“To bring to pass the salvation of the greatest possible number of his spirit children the Lord, in general, sends the most righteous and worthy spirits to earth through the lineage of Abraham and Jacob. This course is a manifestation of his grace or in other words his love, mercy, and condescension toward his children.

“This election to a chosen lineage is based on pre-existent worthiness and is thus made ‘according to the foreknowledge of God.’ (1 Pet. 1:2.) Those so grouped together during their mortal probation have more abundant opportunities to make and keep the covenants of salvation, a right which they earned by pre-existent devotion to the cause of righteousness. As part of this election, Abraham and others of the noble and great spirits were chosen before they were born for the particular missions assigned them in this life. (Abra. 3:22–24; Rom. 9.) …

“Actually, if the full blessings of salvation are to follow, the doctrine of election must operate twice. First, righteous spirits are elected or chosen to come to mortality as heirs of special blessings. Then, they must be called and elected again in this life, an occurrence which takes place when they join the true Church. (D. & C. 53:1.) Finally, in order to reap eternal salvation, they must press forward in obedient devotion to the truth until they make their ‘calling and election sure’ (2 Pet. 1), that is, are ‘sealed up unto eternal life.’ (D. & C. 131:5.)” (McConkie, Mormon Doctrine, pp. 216–17.)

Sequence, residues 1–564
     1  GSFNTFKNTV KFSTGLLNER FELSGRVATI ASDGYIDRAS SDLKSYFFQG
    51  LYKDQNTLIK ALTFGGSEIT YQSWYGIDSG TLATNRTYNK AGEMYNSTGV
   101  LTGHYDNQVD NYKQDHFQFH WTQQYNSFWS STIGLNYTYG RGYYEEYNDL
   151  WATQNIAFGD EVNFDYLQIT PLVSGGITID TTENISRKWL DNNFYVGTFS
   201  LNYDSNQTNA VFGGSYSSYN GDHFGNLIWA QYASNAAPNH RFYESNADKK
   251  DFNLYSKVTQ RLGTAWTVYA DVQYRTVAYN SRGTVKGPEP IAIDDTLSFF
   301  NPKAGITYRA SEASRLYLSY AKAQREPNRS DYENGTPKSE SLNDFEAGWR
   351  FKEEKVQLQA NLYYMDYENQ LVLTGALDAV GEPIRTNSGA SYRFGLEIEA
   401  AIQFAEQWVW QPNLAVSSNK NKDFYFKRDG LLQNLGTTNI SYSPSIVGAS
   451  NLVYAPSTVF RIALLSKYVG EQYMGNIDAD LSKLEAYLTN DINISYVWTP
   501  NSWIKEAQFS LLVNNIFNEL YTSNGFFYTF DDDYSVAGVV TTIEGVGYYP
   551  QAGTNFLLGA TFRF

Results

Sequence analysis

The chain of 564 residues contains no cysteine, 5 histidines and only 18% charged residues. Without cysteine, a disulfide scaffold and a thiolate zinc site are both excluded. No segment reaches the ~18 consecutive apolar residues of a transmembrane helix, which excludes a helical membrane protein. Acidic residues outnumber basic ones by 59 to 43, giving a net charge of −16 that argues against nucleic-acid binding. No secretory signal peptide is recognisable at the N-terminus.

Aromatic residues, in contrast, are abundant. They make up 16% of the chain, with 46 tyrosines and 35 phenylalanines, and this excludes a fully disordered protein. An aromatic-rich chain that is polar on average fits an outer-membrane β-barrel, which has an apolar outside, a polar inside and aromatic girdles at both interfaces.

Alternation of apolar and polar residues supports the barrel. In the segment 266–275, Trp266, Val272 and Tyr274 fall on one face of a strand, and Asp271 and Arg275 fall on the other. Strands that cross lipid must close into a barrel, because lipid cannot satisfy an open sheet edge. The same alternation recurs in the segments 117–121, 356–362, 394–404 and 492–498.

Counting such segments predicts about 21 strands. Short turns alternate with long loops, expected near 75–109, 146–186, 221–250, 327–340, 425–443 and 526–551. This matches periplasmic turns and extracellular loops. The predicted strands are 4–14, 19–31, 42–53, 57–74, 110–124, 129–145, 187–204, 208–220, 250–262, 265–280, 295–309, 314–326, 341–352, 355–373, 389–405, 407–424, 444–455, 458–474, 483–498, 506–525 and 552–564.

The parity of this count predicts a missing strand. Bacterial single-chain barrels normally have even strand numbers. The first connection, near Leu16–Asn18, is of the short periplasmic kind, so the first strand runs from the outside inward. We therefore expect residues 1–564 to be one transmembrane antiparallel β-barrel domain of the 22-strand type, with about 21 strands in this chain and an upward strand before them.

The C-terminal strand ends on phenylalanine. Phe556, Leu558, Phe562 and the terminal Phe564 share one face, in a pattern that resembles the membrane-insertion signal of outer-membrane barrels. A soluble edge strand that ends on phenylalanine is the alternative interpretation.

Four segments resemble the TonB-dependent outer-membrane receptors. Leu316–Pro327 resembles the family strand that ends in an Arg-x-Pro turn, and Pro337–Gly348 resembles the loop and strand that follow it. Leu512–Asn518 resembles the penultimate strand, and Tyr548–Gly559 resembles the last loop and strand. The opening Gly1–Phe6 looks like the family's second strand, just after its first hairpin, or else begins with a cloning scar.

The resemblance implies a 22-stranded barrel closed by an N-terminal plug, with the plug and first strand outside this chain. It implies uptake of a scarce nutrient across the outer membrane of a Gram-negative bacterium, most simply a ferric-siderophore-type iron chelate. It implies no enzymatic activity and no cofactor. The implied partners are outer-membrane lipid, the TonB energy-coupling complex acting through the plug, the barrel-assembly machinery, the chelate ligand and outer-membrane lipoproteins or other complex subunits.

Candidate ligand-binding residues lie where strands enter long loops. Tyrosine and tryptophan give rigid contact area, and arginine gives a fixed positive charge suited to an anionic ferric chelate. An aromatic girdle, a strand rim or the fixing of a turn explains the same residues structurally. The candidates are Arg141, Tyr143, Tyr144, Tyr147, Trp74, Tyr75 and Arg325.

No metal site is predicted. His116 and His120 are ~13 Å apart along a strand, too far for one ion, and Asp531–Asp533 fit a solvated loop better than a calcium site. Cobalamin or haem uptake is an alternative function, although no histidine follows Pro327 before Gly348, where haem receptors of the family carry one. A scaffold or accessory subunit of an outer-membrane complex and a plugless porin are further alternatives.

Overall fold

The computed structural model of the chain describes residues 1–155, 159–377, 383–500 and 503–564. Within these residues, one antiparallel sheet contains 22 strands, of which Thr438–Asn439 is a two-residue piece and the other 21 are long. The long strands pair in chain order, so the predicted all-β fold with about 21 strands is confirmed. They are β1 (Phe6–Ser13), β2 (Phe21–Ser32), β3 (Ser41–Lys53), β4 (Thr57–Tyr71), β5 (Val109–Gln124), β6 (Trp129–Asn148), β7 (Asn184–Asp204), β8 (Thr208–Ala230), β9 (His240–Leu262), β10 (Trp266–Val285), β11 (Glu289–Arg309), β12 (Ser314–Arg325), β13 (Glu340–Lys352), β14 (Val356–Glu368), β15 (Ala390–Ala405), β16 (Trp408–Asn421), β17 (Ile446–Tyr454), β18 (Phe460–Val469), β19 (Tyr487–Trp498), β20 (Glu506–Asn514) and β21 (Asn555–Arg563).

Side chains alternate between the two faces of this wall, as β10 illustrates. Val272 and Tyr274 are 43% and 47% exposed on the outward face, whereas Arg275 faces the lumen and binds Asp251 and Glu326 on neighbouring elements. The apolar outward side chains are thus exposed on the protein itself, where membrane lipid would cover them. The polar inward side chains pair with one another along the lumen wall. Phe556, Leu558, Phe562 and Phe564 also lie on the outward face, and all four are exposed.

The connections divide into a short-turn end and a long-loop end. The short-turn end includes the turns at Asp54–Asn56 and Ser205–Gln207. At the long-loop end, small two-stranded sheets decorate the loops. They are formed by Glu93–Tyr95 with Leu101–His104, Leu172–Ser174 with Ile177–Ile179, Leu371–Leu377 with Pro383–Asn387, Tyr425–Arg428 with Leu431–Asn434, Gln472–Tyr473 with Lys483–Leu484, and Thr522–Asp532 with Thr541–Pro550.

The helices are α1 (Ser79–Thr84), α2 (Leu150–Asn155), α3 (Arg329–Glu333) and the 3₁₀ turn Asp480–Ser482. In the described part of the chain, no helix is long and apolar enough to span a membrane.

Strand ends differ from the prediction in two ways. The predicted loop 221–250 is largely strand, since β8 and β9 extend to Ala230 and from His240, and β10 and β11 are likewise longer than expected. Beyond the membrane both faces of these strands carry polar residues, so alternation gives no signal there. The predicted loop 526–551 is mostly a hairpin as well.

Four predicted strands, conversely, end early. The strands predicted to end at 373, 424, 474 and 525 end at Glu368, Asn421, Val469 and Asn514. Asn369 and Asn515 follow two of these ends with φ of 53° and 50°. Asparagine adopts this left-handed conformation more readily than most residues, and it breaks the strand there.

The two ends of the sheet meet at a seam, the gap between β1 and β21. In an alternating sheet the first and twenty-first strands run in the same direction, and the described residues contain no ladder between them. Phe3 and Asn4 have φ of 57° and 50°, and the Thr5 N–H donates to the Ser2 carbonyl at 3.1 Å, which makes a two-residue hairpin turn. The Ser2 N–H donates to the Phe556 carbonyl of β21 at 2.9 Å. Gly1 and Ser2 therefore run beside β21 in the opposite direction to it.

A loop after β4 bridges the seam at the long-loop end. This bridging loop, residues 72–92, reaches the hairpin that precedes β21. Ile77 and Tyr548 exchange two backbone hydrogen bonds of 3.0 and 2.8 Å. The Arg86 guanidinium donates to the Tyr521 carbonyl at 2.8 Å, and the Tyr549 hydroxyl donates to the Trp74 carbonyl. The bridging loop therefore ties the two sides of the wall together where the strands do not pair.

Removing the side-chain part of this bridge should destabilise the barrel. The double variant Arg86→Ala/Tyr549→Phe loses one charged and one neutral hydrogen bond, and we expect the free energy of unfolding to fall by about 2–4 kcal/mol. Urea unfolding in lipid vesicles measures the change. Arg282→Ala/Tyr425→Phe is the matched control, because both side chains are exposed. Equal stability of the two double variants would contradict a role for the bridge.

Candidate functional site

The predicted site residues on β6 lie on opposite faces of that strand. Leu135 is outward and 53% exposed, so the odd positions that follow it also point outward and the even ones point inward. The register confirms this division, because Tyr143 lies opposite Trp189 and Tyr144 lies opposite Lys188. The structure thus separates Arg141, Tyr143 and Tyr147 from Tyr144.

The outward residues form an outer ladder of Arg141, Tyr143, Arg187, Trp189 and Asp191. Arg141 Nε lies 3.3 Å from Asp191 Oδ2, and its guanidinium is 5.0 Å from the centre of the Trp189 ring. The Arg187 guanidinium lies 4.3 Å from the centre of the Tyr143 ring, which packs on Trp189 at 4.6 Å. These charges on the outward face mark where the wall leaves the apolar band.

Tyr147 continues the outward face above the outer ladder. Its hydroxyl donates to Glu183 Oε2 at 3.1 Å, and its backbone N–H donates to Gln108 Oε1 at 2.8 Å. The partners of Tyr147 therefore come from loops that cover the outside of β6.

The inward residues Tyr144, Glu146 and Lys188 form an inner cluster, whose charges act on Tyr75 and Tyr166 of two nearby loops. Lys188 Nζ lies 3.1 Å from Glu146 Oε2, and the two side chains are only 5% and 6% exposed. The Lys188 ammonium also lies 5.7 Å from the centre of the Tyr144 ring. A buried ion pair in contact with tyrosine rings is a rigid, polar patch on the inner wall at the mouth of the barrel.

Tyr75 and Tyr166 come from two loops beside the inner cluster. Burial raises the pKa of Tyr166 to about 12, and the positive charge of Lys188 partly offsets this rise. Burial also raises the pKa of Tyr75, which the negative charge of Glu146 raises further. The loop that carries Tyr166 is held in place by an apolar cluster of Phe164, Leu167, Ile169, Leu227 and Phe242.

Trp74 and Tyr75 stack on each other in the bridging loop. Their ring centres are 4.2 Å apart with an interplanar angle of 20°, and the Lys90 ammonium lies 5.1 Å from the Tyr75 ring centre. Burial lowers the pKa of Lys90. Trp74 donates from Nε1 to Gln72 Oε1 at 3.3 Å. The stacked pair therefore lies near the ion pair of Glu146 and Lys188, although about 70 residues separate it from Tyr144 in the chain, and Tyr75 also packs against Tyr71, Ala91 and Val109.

(50-5) 1 Peter 1:9. What Is Salvation?

“Salvation is nothing more nor less than to triumph over all our enemies and put them under our feet. And when we have power to put all enemies under our feet in this world, and a knowledge to triumph over all evil spirits in the world to come, then we are saved, as in the case of Jesus, who was to reign until He had put all enemies under His feet, and the last enemy was death.” (Smith, Teachings, p. 297.)

(50-6) 1 Peter 2:9. What Is the Meaning of the Phrase “a Peculiar People”?

Each of the titles used here by Peter is a title formerly used to refer to the covenant people, the house of Israel. He therefore seeks to call to their minds that by virtue of their embracing the gospel they are now the new Israel. They are the chosen nation (see Isaiah 43:20), a royal “kingdom of priests” and a “holy nation” (Exodus 19:6) and a peculiar people. The word peculiar as used in the King James Version comes from the Latin peculium, meaning “private property.” Though today it has come to mean “strange or unusual,” it really carries the same idea—a characteristic or quality belonging to something. The marginal reading is “purchased” and means that the saints are God’s own, private people, a people for God’s own possession. This title too is suggested in the Old Testament when Isaiah says, “This people have I formed for myself.” (Isaiah 43:21.)

President Joseph Fielding Smith added this: “And we will be peculiar because we will not be like other people who do not live up to these standards.” (CR, Apr. 1971, p. 47.)